It’s hard, it’s stressful and you might even say it’s unfair, but the important thing to remember is that you’re not the only one. Take a bit of comfort knowing that there’s nothing personally wrong with you, you’re in the same boat as so many other students scrambling for their careers and it’s been the same story in the years prior to this, when there wasn’t a global pandemic shutting doors. Just don’t let that herd mentality make you complacent, no matter how hard you worked at university; it isn’t likely that someone is going to get in touch and offer you a job on a silver platter, just don’t let this quiet time knock your confidence.

With this in mind, I wanted to write this post detailing a few things newly graduated students should take into consideration if they’re feeling stressed, unmotivated, or simply unhappy with their current situation.

Firstly, if you are not already, aim for any form of employment you can. Having a degree in an industry you want to work for unfortunately does not mean you’re guaranteed a job straight away. In the meantime, it’s important to have a bit of work, even if it’s just something small to keep you going. It also brings many benefits such as a paid income, work experience to add to a CV, routine in your life, and finally a feeling of independence.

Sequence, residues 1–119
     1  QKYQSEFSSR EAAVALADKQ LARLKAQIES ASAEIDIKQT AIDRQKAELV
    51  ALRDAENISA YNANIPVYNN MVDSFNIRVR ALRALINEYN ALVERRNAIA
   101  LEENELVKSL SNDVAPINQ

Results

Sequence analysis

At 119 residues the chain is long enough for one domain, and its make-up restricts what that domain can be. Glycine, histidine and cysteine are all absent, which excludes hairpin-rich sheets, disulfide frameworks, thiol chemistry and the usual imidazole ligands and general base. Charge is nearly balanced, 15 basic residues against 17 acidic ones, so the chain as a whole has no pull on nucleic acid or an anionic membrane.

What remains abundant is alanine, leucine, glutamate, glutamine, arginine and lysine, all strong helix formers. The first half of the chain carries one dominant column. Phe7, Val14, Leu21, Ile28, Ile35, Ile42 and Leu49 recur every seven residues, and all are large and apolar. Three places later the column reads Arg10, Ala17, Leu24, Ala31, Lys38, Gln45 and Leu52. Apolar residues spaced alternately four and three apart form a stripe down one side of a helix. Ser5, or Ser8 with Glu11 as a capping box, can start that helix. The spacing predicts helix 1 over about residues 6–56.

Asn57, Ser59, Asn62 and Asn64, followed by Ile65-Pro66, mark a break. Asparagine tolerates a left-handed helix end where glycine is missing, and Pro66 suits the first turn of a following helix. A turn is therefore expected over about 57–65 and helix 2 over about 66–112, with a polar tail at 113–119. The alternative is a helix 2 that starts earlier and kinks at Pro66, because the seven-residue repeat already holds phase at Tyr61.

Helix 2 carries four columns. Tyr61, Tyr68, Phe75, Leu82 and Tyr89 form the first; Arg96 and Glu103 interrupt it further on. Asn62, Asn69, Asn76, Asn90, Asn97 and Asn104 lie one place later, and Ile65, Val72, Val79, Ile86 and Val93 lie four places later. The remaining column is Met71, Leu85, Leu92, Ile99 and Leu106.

Secondly, utilise your free time wisely. It’s perfectly acceptable to give yourself some rest after a long stretch of studying but it’s another thing entirely to become complacent. In my newly acquired free time, I’ve been working on a blog for myself and some of my family members, which I’ve been counting as something enjoyable, since I like writing, while also being productive as it ties into my studies at university and uses many of the same skills. I’d highly recommend doing something like this or having fun with one of your own hobbies, or even starting a new one. You can do this at the same time as looking for work experience or jobs to give you something to do. Remember to pace yourself with it, it’s supposed to be enjoyable, so don’t be too critical of whatever it is.